When it comes to learning life lessons, what type of students are we? Oops! Did I make a wrong assumption? Are we students of life? Shall we find out?
First, I invite you to read this Wall Street Journal post: “The Man Who Predicted the Depression”
Next, based on what you’ve read, what grades would you give out based on the state of our general physical health or economy. How about our grades on social studies, history and math? What more do we have yet to learn about wars, poverty, prejudice and pride? What does rampant obesity, discrimination and fear teach us? Are we growing more wise or more creative in ways to NOT learn?
Wisdom: a word worth paying attention to!
How do we grow wise? What ingredients do we need to cook-up some wisdom? Consider this wisdom pyramid (much like the old food pyramid):
First ingredient: data Words, numbers, images, sounds, sights, tastes are all good examples of data. For example, open a dictionary to any page and you’ll find all sorts of words. Words form a small part of our wisdom. We need more than words to become wise.
When we combine words into something meaningful, we form information. The web is wonderful in overloading us with information. Is information wisdom? Not yet! Why? Well, google some directions on how to change a flat tire sometime I bet this information doesn’t come CLOSE to containing what you need to know when you actually have to change a flat tire. When you finally DO change that tire, you turn.information into knowledge.
Yes, knowledge contains the seeds of profound wisdom. While people who contain vast stores of knowledge often seem wise, don’t allow all that knowledge to fool you into believing they’re a wise person. For example, imagine you’ve read every known book about New York city. You’ve listened to every know expert on the city of New York. You’ve watched every known movie, DVD, video and TV series there is on New York city. However, you’ve never actually traveled to, or lived in New York city. If the time comes for me to visit New York City I’ll hire a someone who LIVES and works in New York city (hands-down any day) over anyone who’s book smart about NYC.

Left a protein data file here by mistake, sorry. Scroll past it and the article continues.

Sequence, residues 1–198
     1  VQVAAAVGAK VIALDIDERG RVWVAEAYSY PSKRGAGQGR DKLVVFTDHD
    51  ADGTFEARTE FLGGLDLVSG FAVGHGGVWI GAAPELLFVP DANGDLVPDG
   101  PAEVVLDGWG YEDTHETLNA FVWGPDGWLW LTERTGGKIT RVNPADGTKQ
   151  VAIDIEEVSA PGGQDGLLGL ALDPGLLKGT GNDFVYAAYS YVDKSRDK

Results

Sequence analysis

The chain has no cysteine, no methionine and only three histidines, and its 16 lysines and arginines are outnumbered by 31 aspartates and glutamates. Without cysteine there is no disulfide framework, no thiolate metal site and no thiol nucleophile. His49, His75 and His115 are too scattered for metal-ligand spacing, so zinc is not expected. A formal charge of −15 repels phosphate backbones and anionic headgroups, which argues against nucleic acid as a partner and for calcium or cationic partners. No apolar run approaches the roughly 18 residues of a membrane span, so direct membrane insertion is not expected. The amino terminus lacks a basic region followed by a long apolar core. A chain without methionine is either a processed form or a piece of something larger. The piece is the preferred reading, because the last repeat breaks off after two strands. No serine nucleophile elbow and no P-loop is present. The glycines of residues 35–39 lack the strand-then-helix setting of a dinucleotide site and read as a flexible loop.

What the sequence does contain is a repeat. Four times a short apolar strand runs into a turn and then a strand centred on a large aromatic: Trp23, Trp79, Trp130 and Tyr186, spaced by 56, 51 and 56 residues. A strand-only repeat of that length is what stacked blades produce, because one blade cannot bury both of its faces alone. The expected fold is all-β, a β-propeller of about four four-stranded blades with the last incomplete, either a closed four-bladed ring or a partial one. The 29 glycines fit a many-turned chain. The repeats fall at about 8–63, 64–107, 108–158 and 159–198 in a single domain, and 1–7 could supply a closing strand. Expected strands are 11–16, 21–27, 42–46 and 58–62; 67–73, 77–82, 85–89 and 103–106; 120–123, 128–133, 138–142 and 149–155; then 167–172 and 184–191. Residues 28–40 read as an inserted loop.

BINGO! Experience combined with knowledge forms the initial crumbs of wisdom. Why only crumbs of wisdom versus the full on buffet? Simple! The amount of first-hand experiential time plays the pivotal role to determine how ripe ones’ wisdom really is. The more time we spend practicing our craft, the more wise we become in such practice. Of course, we aid the process of becoming more wise when we add the final wisdom ingredient: perspective!
Data + information = knowledge. Knowledge + experience + time = initial seeds of wisdom. Time + multiple perspectives = savvy wisdom! To test out this formula, think back to a time when you thought you knew it all! (Is that time, today? If so, you’re in for some big surprises!) As you ponder your level of wisdom, do you notice how the more you know, the more you become aware of how much more there is to know?
Is it possible to ever know ALL there is to know about some one or some thing? A wise person will automatically answer NO! If someone tells you, “Yea! I know all there is to know about [insert any topic], RUN (don’t walk) away from this person. Why? Arrogance inspires blindness. Confidence inspires insightfulness.
What does forming wisdom have to do with one’s personal worth?
Our personal worth is soundly rooted in how well (and fast) we learn life lessons. Those who learn quickly tend to adapt, survive and often thrive. Anyone who learns the hard way (often painfully hard), does so by repeating, repeating (did I mention, repeating? ) certain lessons over and over again. Each time we repeat a lesson, we consume more time, money and related resources. While each lesson offers a nuance unlike any other lesson, it’s worth our time to learn our lessons the first time around.
Any time you discover yourself feeling discomfort or pain due to repeating a less-than-enjoyable life lesson, try on this suggestion to soften or dissolve pain: LEARN with a sense of gratitude. Learning based in gratitude helps dissolve discomfort or pain when we genuinely appreciate or savor the learning process. Ready to engage the art of savoring the learning process this time? I hope so! Why? When we fail at learning something, we face repeating that lesson. The Man Who Predicted the Depression clearly demonstrates how we once again have before us some critical economic lessons. These lessons impact our personal worth on many levels.
Have you noticed how a wise person enjoys and savors the art of learning? How wise do you feel these days? Wise?
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